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January 19, 2019

Miguna deportation raises gaps in citizenship regime

NASA's Miguna Miguna addresses the media at Okoa Kenya offices on February 1, 2018. /JACK OWUOR
NASA's Miguna Miguna addresses the media at Okoa Kenya offices on February 1, 2018. /JACK OWUOR

The deportation of Miguna Miguna has brought to the fore the need to reflect on the citizenship regime introduced by the 2010 Constitution, and the enabling regulatory framework embodied in the Kenya Citizenship and Immigration Act (2011).


Without transgressing into the contested questions before the courts, this article aims to sheds light on the broader theoretical questions of citizenship and nationality in this country.

Citizenship is the legal bond that links an individual to his or her state. Legal citizenship grants status to the bearer, including the right of reentry. It is often a prized possession as signified by the quest by immigrants from Africa and other less-developed contexts for America’s diversity visa, the gateway to citizenship, and presumably the American dream.  

So central is the right to citizenship that the US Supreme Court in Luria v US (1913) defined citizenship as the “right to have rights”.

Two broad principles underpin citizenship regulations across different jurisdictions — birth and ancestry. Some states such as the US have adopted the role of place of birth (jus soli) as the basis for conferring citizenship.

This rule recognises the immateriality of a parent’s citizenship for purposes of determining that of a child.

It proceeds to grant to the child automatic citizenship based on where they are born.

No wonder President Barack Obama’s place of birth, Hawaii — which only became the 50th state of the Union in 1959, a few years before Obama’s birth — became controversial when some conservative politicians questioned his eligibility for the US presidency (which recognises only natural- born citizens as eligible to contest the presidency).

In contrast, other jurisdictions, including Kenya, take as their fundamental citizenship requirement the proposition that a parent’s citizenship is the basis for conferring citizenship to the child (jus sanguinis).

By giving primacy to the parent’s descent, this rule means that whenever a parent’s citizenship is uncertain, this transfers to the child, a highly disadvantageous situation.

Kenya’s Independence Constitution contained complex and antiquated provisions as it struggled to transition colonial subjects into citizens, while, at the same time, safeguarding “British protected persons” who chose to remain resident in Kenya.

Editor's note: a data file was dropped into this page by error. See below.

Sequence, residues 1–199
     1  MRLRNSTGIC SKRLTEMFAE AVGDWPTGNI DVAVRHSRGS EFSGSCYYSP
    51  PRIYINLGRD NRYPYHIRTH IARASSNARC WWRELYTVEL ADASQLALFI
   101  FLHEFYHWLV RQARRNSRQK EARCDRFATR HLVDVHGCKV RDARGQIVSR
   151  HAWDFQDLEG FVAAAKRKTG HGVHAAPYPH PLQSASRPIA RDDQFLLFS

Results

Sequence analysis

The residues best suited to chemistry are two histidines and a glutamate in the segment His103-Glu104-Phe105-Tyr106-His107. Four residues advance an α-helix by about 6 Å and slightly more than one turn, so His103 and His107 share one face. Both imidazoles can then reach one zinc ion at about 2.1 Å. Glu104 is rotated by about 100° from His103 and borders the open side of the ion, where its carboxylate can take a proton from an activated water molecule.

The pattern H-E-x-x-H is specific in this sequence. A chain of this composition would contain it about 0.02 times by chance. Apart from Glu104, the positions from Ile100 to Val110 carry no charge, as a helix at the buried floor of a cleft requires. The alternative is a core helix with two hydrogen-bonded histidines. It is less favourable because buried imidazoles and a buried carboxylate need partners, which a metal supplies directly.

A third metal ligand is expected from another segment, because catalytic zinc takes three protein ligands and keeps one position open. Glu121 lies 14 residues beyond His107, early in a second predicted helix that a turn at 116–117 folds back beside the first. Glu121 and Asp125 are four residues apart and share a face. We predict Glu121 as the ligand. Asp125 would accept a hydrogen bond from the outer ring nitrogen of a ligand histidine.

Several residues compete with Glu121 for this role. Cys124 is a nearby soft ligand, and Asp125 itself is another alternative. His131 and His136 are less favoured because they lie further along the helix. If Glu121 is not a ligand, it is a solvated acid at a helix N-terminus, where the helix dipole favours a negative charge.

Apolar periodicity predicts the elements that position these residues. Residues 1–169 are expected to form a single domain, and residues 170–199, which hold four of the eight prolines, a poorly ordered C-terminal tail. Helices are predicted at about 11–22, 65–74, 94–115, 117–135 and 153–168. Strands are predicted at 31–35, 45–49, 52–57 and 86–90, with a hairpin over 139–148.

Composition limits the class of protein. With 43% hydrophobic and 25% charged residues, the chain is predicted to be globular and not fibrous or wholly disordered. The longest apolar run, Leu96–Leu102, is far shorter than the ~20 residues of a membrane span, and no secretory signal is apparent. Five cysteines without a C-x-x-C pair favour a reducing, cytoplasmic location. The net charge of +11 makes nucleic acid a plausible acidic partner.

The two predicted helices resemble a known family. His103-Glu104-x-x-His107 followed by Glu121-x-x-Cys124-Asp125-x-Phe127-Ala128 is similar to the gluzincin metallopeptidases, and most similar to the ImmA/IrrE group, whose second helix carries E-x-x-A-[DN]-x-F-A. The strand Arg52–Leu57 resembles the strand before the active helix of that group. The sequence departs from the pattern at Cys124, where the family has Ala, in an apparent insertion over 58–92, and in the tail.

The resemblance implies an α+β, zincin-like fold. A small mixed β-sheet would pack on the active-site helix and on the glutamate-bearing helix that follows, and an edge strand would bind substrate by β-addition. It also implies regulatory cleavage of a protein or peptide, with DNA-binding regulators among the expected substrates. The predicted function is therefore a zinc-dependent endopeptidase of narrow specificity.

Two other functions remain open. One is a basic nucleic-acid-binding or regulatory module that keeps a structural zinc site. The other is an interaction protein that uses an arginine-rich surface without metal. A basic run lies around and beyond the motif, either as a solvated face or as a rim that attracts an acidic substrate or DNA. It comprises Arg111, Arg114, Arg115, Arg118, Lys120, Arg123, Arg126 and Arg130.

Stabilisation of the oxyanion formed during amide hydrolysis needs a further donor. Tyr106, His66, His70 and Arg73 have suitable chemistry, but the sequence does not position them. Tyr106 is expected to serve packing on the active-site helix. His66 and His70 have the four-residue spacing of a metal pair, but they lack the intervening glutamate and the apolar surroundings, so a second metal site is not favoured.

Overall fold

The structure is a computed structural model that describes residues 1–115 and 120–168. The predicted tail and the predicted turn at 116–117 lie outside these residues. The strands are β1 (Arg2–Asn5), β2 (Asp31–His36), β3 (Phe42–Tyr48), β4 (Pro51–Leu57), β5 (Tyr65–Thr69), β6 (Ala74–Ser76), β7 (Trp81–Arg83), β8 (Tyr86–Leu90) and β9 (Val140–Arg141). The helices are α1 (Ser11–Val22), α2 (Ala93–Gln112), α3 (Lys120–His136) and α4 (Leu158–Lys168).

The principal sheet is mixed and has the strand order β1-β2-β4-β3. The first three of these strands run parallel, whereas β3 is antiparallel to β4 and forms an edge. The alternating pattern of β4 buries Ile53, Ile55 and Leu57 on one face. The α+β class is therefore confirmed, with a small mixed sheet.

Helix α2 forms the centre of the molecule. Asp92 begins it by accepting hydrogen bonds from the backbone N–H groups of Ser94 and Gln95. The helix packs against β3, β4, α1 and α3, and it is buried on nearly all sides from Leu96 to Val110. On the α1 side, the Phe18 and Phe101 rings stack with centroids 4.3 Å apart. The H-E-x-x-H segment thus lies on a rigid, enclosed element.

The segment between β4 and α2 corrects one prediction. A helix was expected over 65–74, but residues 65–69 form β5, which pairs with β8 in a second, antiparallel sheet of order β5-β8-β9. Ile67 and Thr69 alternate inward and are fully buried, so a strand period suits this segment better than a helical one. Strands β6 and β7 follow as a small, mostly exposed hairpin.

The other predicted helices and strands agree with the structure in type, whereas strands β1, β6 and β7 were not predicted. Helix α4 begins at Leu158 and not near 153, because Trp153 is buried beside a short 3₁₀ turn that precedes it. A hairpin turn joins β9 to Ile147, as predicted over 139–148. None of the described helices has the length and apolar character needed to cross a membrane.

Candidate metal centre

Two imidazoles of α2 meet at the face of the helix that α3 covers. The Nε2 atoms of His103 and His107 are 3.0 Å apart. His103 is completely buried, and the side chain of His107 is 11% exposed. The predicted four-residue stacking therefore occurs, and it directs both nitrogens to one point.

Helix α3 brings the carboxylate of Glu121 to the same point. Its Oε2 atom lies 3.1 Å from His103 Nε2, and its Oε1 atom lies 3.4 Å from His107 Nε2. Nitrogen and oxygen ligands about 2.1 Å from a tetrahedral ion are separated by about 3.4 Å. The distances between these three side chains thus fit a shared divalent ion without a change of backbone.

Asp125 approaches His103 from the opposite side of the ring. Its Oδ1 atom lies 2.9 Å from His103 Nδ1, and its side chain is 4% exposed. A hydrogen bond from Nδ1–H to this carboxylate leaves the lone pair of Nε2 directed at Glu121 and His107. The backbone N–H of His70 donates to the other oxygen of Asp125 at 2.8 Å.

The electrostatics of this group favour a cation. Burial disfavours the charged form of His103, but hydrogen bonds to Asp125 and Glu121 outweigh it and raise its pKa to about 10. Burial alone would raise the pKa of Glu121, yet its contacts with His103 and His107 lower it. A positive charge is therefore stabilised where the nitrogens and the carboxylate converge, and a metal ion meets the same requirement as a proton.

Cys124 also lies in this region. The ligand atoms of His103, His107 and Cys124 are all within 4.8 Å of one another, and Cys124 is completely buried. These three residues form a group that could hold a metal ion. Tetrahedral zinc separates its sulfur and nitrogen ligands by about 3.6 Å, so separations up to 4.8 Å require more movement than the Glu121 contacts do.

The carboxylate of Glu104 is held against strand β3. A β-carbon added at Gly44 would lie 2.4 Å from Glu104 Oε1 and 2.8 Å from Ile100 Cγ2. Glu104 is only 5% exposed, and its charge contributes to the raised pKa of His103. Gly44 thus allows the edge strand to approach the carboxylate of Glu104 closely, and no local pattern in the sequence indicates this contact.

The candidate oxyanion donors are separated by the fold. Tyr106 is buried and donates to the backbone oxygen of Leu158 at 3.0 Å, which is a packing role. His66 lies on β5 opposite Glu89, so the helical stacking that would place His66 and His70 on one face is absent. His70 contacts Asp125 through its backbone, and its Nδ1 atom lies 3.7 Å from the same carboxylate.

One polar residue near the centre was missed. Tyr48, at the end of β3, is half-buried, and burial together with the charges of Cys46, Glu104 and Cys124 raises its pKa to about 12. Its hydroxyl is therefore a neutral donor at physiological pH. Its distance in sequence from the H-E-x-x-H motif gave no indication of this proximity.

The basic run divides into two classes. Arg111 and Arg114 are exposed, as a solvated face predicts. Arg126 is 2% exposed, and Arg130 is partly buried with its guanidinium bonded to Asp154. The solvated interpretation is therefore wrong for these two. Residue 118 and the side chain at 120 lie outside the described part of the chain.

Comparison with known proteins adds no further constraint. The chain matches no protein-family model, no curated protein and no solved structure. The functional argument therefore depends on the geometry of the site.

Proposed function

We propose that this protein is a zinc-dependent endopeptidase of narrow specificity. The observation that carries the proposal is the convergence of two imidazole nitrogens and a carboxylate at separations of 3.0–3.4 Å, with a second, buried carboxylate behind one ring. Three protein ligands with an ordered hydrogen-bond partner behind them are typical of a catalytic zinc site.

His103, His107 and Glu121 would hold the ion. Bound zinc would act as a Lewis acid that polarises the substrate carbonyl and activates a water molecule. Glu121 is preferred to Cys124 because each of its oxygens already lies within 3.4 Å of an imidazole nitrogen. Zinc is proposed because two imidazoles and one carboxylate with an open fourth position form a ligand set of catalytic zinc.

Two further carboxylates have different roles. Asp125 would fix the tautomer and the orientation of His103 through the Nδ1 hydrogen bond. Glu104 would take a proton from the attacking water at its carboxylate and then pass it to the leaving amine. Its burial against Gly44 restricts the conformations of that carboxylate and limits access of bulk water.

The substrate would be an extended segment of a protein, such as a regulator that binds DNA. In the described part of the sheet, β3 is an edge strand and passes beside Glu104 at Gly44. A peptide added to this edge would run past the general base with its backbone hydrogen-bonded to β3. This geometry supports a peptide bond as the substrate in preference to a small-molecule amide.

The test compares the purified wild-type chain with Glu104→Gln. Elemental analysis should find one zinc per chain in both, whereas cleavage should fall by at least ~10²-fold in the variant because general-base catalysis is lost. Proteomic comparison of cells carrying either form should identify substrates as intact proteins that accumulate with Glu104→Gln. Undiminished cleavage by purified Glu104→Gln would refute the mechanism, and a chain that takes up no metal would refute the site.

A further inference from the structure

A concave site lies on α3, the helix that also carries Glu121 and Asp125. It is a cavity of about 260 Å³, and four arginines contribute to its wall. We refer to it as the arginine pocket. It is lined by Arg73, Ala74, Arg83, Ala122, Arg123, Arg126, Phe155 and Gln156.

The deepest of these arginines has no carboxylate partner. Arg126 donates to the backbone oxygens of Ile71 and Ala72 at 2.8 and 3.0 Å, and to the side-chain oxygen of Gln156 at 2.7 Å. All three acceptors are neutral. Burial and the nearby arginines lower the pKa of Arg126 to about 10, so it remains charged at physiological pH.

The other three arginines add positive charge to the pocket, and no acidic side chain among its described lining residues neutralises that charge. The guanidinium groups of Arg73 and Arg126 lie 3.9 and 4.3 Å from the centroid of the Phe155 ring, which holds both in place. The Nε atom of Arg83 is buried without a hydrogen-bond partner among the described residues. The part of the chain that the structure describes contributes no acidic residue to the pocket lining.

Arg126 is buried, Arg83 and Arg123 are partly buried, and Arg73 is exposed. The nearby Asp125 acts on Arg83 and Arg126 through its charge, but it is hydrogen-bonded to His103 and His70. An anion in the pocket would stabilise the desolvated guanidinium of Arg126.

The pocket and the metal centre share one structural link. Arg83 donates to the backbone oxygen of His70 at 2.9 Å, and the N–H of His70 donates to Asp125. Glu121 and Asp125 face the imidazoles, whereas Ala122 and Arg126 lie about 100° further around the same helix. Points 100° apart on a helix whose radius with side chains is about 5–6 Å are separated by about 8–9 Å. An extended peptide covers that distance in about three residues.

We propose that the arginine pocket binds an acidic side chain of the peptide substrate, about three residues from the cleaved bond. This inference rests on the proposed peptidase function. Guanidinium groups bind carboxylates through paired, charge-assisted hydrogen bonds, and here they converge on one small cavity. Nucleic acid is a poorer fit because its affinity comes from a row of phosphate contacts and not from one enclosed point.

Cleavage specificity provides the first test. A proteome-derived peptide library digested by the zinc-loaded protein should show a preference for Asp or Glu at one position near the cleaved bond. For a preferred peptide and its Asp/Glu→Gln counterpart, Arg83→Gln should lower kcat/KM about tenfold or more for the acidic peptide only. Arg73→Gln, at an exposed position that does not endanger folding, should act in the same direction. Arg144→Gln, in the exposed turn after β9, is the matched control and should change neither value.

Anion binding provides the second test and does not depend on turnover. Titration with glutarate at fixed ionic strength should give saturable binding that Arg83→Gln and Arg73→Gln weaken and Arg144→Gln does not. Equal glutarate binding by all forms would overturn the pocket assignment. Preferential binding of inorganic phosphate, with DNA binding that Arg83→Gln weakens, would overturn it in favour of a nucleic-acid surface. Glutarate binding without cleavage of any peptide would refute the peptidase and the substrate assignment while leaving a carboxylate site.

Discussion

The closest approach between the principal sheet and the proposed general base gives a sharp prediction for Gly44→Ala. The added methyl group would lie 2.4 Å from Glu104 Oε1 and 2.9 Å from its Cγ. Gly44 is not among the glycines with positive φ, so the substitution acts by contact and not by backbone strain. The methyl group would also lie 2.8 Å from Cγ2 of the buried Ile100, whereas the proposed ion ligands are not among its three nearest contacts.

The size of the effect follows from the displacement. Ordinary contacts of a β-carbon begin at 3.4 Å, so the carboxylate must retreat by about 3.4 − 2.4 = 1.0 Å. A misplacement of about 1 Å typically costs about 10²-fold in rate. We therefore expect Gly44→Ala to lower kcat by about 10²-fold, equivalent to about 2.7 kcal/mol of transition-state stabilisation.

This complexity, coupled with the level of state capacity at the time, created an opportunity for arbitrariness in the grant of citizenship, such that instead of it being an individual right, it became collectivised. 

Belonging to ethnic communities deemed Kenyan became proxy for individual citizenship eligibility and determination, as well as access to citizenship instruments, notably, identity cards and passports.

In this scheme of affairs, some communities were considered less indigene to Kenya and its members became subject to discriminatory access to citizenship instruments.

Such was the fate of the Nubians, the Somali, the Galjeel and the recently recognised Makonde, among others.

The 2010 Constitution was meant to cure these ills and set a foundation for a more just and secure regime based on equality. It proposes to do this in at least three ways.

First, it granted citizenship to children of Kenyan citizens wherever born. This provision effectively deepens the jus sanguinis basis for citizenship while de-emphasising reliance on the jus soli rule.

To protect minors found in Kenyan territory, whose parents’ nationality is unknown, the Constitution presumes such minors to be entitled to Kenyan citizenship by birth.

Second, those forced to renounce Kenyan citizenship in order to acquire another during the period when dual nationality was not permissible under our law, are allowed to re-assert Kenyan citizenship but only “on application”.  

Similarly needing to apply for Kenyan citizenship under the 2010 Constitution are non-national spouses of Kenyan citizens, but their right matures after seven years of marriage.

Thirdly, unlike in the previous constitutional dispensation, dual citizenship is recognised as a right

If the facts as stated in various reports hold true, Miguna’s case clearly falls in the category of those who renounced their citizenship before the 2010 constitutional order kicked in, and, therefore, requiring to make an application in terms of legislation, namely, the Citizenship and Immigration Act.

Only upon application as provided for in law does a reasserted citizenship crystalise.

The institutional arrangements for processing such an application — the Kenya Citizens and Foreign Nationals Management Service Board, the Minister for Interior and Director for Immigration — all play a role in the examination of the application.

Indeed, Section 10 of the Citizenship and Immigration Act sets down the procedure for regaining citizenship and involves an application to the Minister.

Miguna’s deportation may be unfortunate but enough chinks exist in the procedural amour of the law to facilitate it, especially if no application to reassert his claim to Kenyan citizenship had been made.

I am not certain if the existence of a Kenyan passport with his name on it is necessarily dispositive of his claim, especially if his Canadian citizenship had accrued before the 2010 Constitution.

In fact, possession of a Kenyan passport and another country’s during the period predating 2010 would be anomalous on the face of it.

Sing’Oei is an advocate and a legal adviser, Executive Office of the Deputy President. This article expresses personal views of the author

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